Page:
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Context aware MySQL pools via HAProxy (githubengineering.com)
103 points by samlambert on Aug 17, 2016 | hide | past | favorite | 24 comments



This is similar to how we direct traffic to MySQL at Eventbrite. We also have multiple MySQL clusters with complex topologies for different services. Every server that can access MySQL has a local HAProxy that it connects to. This local HAProxy is checking the health of a pool of dedicated HAProxy servers. Those HAProxy servers are hitting a script run by xinetd on the MySQL servers to determine whether a server should be in its pool. Here is where we differ the most from Github. Instead of having two backends per frontend, we only have one, but the health check itself is context-aware. In addition to takings its own lag into account, it also queries HAProxy to determine the number of healthy servers in its backend pool. As the percentage of healthy servers goes down, the threshold for declaring itself unhealthy based on lag goes up. Additionally, there are some extra safeguards to make sure we never dip below a certain number of servers in the pool. We use variations on this approach for other services like Solr and Redis as well.

BTW, if managing this sort of infrastructure excites you, we're hiring! https://jobs.lever.co/eventbrite/cd7d6b95-0226-4e03-b9fa-c15...


So, I see more and more organizations using "chatops". Are they really delegating control of their infrastructure out to Slack/HipChat? If not, how does authentication/authorization work?


At CloudFlare we use a self-hosted, and accessible via corp VPN only, Hipchat.

However it's important to note that this is primarily information inbound, and not instructions outbound.

Additionally, the disabling of a Hipchat account is near the top of the list of the security incident response team.

If a laptop is lost, if a machine compromised, the ability for those accounts to continue broadcasting information of any kind is immediately neutralised.

The risks are real, but one can mitigate them by:

1. Securing access to the chat environment (self-hosting, VPN only, different auth to this than to the rest of the infrastructure)

2. Not having chatops send instructions to other systems

3. Having well practised plans for disabling accounts in response to incidents

4. All of the above is no replacement for access control and auditing on all other systems

I'm not going to speak on behalf of the security team, but the idea that the chatops would send instructions to systems is pretty horrifying even if they originated from a machine or person.

It's bad enough to imagine the scenario that if someone's chat account were compromised and someone could gain access to the VPN to then use the chat, that social engineering via chat is likely to be more successful than by other mediums (people trust chat). Hence ensuring those accounts are disabled very quickly.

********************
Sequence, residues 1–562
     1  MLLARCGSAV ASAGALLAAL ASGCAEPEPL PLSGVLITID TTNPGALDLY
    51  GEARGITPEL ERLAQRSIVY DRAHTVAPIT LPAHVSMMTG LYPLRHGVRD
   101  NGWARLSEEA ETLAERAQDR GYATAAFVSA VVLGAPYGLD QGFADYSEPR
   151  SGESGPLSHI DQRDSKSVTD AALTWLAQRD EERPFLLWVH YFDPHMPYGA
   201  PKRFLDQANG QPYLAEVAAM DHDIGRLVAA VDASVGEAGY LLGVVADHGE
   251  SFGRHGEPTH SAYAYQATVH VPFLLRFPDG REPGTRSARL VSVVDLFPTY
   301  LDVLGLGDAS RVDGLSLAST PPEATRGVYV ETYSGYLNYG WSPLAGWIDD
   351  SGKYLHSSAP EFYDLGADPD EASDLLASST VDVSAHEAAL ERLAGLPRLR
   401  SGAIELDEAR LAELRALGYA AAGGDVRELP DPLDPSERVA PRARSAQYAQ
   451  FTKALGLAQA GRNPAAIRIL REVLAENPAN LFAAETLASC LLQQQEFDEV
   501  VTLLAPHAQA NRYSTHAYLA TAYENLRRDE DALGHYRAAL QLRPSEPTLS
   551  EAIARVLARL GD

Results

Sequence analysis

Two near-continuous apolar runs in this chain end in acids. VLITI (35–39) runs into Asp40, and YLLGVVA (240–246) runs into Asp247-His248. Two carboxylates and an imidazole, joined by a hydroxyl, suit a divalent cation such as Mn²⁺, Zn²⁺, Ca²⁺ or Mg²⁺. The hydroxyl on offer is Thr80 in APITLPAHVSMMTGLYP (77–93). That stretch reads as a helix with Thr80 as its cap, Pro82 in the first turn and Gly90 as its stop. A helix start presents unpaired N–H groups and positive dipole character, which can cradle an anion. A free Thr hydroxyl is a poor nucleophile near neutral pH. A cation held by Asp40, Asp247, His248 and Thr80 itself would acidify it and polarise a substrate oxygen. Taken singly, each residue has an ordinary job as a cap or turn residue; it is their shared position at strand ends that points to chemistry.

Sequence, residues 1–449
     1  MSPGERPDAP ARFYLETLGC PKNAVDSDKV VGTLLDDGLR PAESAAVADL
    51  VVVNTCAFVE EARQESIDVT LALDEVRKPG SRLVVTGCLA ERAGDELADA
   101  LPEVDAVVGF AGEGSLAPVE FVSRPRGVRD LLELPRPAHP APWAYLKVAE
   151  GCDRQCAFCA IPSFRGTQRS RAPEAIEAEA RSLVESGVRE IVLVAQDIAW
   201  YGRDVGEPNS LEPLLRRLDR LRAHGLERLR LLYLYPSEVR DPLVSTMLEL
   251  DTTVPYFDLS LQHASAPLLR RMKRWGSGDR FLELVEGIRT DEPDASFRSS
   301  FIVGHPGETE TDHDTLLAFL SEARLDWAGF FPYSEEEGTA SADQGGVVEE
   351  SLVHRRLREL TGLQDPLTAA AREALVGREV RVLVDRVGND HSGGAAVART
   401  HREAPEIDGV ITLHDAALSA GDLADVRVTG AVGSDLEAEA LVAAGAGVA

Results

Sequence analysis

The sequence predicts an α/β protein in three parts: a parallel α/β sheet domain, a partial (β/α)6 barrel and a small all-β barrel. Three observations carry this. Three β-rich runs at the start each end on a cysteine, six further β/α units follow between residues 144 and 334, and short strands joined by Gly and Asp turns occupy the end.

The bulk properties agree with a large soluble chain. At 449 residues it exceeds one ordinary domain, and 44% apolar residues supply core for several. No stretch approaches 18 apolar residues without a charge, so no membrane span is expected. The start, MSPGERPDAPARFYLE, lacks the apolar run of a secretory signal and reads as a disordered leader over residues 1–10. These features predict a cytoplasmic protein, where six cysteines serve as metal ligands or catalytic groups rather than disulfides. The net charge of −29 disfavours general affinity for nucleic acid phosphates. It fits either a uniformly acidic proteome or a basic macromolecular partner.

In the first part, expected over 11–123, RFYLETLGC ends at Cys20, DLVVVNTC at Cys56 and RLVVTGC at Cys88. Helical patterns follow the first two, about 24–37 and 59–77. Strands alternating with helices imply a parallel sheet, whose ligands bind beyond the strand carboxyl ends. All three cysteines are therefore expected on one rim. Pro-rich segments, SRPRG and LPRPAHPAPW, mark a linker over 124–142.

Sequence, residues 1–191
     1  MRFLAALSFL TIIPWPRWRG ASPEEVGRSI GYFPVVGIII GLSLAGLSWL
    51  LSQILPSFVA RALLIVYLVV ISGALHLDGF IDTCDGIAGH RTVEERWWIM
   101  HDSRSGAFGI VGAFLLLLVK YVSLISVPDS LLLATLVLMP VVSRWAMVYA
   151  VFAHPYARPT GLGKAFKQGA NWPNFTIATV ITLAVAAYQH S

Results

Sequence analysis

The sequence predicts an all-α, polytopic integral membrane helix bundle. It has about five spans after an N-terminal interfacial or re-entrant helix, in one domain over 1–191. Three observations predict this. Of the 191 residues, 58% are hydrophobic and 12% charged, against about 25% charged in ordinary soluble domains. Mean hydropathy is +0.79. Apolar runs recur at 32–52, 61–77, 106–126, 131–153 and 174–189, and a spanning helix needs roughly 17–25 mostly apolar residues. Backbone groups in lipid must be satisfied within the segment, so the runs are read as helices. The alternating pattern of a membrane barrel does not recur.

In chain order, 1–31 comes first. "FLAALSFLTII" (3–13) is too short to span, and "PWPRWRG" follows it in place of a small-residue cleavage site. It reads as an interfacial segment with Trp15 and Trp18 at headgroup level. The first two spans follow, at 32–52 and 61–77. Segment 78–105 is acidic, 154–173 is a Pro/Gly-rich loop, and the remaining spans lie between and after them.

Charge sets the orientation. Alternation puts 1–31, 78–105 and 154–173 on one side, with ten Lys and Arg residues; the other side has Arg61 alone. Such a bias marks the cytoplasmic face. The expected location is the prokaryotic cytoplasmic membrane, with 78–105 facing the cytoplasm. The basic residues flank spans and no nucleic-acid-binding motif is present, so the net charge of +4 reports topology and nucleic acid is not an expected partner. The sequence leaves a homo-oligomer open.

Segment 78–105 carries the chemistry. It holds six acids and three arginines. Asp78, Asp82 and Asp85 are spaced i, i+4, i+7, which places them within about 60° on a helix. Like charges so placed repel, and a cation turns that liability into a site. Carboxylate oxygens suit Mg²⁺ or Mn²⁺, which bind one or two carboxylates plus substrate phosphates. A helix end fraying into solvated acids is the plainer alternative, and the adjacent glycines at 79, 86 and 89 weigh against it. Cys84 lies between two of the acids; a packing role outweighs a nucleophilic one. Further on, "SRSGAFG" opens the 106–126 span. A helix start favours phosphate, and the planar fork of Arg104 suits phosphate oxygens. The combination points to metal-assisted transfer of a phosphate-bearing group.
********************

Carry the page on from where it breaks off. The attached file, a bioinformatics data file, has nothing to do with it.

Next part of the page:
So you make chatops secure by not having chatops, it sounds like.

Being able to gather information in a chat room is helpful, but I don't think its fair to call it chatops unless you have can act on that information through chat, too.

To use examples from the blog post, both querying for the slaves in a pool and marking one down for maintenance, all through chat.


Interestingly, the first operators to employ this strategy were botnet owners! Infected machines reach out to C2 servers over IRC and listen for commands from their operators.

Maybe there are more lessons devops could learn from botnets. Why mess about with ansible and the like when you could just infect all your machines with a worm? :)


They are delegating their control to a program running on their own servers that listens to commands given in Slack/Hipchat. I know Hubot has an ACL system, but I'm not sure if it integrates with LDAP, etc... I'm pretty sure it maintains its own groups in its database and relies on Slack/Hipchat vouching for identities.


Right.. The moment you allow Slack/Hipchat to vouch for your identity, you've effectively delegated control of your infrastructure -- an attack on Slack/Hipchat becomes a vector into your infrastructure.


If you could bind a Slack identity to LDAP, would that fix it? I've never really thought of Slack as a security threat directly, but you're correct. If you trust voltagex@slack to act on behalf of voltagex@internal.domain, you've just crossed a security boundaries with no checks whatsoever (does Hubot et-al have audit logging?)


With what jzelinskie has described the program actually running the commands could do auth in a number of ways, including ones that completely avoid the chat system.


Sure, in theory, but I've struggled to find a single example of such an implementation.

It seems like you either have to delegate authN to your chat service, with authZ handled by hubot-auth, or find a way to get your chat client to pass a token along with every chatops request.


This is crazy, but the pattern isn't terrible if you replace slack with your selfhosted irc / chat server.


At GitLab we think that when you are self hosted there should still be role based access control. We selected Cog as our chatops framework for that reason https://gitlab.com/gitlab-org/omnibus-gitlab/issues/1412 It has fine-grained command permissions, users/groups/roles, and audit logging.